Water is finite, and sacred. “Mni wicozani”, through water there is life. We must drink clean, nourishing water to live. Just as Mother Earth is made up of a lot of water, our human bodies are 70% water. That is why at Full Moon, and the tides change, some human beings have strong, unpredictable behavior. To our Lakota people, mni (water) is our first medicine, our first home. There are entire spiritual and social teachings that we learn as we grow up, our Lakota World View about water. Mni is our relative, and Lakota Law compels us to protect our relatives. Mother Earth is our relative.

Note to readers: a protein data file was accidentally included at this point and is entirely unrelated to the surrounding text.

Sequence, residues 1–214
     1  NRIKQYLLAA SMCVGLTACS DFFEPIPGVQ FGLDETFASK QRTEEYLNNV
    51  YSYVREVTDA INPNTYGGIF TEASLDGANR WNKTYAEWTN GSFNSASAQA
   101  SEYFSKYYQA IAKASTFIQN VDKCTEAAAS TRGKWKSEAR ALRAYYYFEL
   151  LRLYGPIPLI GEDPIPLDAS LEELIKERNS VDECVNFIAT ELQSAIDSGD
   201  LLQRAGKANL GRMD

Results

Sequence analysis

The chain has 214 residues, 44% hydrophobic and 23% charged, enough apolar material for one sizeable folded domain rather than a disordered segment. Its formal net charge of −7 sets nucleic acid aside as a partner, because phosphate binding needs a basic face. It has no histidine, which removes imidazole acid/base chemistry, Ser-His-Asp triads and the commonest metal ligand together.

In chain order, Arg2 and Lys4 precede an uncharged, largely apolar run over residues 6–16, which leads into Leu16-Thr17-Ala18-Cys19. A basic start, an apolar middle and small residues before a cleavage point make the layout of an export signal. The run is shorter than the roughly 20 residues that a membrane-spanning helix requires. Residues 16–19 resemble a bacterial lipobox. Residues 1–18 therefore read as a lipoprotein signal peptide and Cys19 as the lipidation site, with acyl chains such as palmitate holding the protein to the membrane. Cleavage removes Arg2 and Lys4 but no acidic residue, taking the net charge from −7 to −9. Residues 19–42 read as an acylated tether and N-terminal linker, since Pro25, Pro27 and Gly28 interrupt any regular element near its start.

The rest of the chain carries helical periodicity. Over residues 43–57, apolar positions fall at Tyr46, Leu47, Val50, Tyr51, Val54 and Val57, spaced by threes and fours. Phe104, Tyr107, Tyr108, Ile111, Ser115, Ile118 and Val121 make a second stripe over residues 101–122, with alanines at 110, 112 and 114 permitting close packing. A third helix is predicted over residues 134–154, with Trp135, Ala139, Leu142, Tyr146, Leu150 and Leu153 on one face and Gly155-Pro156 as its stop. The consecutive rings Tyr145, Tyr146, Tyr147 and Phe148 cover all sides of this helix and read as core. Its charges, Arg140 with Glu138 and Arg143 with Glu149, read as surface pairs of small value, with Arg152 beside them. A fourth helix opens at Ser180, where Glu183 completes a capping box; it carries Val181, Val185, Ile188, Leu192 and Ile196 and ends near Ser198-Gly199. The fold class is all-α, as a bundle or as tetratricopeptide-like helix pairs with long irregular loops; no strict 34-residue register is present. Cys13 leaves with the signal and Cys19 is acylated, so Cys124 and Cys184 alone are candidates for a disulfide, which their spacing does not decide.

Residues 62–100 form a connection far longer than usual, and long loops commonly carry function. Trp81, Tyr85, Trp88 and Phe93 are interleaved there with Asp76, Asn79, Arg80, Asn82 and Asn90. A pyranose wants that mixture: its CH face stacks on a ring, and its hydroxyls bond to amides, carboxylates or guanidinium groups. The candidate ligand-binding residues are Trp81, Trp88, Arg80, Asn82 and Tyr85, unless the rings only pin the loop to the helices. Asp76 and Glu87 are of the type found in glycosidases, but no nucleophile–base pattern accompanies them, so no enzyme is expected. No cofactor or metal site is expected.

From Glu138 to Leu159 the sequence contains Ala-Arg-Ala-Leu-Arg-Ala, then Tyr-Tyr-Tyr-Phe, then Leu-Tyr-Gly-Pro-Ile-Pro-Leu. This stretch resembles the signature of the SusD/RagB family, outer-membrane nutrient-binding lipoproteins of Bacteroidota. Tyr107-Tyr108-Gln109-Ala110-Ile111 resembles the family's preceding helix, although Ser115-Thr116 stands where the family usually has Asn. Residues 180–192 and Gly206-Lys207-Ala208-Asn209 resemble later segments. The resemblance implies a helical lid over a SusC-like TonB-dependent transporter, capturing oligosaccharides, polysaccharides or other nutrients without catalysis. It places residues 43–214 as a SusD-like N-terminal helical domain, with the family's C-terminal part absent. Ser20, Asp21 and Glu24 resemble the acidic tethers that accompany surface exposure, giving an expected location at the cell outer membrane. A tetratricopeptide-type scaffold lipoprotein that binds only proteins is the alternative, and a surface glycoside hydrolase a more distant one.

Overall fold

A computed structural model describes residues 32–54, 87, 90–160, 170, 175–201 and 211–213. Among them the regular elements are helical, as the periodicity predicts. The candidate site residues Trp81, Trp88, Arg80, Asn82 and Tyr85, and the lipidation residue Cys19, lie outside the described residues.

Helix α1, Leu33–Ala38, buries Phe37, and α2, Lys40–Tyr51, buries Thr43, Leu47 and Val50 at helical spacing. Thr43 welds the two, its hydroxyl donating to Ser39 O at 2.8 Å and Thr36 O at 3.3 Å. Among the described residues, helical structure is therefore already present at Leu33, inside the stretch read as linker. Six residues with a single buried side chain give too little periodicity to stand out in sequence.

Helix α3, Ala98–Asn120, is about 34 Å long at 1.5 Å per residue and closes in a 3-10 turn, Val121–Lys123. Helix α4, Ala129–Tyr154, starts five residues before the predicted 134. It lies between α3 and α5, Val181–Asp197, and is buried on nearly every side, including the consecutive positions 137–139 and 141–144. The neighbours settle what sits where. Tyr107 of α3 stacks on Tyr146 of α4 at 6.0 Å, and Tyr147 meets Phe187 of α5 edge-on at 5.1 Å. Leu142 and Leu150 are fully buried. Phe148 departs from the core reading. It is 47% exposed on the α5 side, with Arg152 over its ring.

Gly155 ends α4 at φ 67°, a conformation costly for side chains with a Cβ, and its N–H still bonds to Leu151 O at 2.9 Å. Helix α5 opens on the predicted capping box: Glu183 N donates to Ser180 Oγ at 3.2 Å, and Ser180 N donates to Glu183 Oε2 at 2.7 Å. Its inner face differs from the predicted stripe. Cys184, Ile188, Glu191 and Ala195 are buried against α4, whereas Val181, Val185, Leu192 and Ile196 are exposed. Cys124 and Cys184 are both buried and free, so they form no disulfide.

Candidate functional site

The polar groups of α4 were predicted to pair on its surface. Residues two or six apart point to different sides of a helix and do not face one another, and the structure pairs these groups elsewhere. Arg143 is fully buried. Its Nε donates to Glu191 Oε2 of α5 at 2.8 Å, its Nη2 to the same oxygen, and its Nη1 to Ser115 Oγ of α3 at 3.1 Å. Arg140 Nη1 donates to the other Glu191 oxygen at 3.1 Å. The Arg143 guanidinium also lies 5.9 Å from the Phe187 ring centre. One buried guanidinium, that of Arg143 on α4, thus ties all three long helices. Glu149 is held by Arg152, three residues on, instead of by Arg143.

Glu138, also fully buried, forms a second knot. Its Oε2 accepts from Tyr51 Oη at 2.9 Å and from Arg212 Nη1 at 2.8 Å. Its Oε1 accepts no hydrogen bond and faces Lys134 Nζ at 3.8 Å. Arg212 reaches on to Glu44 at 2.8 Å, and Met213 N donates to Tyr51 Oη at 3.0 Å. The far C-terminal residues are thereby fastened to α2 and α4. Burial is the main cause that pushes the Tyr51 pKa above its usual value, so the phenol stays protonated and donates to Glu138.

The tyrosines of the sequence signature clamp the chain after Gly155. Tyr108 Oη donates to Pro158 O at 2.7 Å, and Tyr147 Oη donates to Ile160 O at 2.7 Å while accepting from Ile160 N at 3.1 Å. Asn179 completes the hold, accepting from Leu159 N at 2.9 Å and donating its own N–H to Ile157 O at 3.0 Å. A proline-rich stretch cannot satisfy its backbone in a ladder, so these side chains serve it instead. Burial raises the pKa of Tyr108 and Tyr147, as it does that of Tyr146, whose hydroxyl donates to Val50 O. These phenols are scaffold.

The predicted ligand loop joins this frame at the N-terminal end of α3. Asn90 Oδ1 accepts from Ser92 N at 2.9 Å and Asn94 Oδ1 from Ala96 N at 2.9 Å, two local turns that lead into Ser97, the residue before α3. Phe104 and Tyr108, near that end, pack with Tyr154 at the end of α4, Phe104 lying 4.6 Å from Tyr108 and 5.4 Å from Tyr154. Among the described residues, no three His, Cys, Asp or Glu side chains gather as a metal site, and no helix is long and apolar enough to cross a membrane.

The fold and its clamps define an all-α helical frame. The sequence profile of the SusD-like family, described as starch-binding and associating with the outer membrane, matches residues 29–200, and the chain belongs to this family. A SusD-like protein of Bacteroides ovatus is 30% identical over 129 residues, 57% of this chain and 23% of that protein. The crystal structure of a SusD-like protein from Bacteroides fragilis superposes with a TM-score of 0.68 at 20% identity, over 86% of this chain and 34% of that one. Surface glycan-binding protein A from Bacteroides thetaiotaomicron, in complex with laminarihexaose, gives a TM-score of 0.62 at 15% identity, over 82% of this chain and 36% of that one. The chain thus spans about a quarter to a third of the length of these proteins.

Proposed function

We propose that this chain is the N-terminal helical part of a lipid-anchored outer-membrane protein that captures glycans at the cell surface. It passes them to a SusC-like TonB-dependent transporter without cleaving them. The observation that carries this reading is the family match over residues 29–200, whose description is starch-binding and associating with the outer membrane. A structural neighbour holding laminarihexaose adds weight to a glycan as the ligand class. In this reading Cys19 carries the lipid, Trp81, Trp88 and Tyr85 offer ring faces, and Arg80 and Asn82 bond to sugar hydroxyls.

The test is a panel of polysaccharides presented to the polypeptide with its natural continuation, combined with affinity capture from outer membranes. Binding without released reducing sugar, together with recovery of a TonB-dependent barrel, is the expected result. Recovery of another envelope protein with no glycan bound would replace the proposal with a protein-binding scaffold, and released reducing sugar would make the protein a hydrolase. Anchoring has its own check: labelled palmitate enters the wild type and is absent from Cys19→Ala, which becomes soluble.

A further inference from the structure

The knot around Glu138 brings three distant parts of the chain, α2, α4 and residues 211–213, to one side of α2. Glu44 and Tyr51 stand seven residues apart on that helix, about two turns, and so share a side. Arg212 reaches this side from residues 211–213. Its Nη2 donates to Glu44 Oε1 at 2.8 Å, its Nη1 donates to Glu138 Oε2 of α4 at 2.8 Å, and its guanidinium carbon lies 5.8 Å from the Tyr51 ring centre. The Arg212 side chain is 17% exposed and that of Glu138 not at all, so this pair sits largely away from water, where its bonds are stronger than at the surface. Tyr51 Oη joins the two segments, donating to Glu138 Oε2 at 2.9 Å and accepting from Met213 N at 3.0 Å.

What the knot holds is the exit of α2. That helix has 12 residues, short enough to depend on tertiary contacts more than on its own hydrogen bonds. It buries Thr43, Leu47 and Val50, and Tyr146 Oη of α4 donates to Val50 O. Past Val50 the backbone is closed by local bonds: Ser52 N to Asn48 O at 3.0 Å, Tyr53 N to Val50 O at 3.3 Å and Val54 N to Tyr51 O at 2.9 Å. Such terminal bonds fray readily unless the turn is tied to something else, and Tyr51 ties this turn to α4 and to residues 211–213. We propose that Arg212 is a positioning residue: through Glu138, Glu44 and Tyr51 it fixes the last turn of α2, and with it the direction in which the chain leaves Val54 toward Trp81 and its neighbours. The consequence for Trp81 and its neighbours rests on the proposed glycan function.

This belief led our organization Owe Aku (Bring Back the Way), which is involved with cultural preservation and revitalization, Treaty Rights and Human Rights, to begin looking at disproportionate cancer and diabetes rates on the Pine Ridge Homeland. This research took us places we never thought we would be! We examined air and water quality studies, which led us to the Cameco, Inc. in situ leach uranium mine 30 minutes from our southern border. We learned that ISL uranium mining contaminates an incredible amount of water, on a daily basis. Cameco was up for license renewal and had submitted another application to open a second mine. We researched that process, and found we could submit interventions, based on science and law. We did that, and are now plaintiffs in the case against Cameco’s ‘right’ to poison our water. That was 7 years ago. This work continues.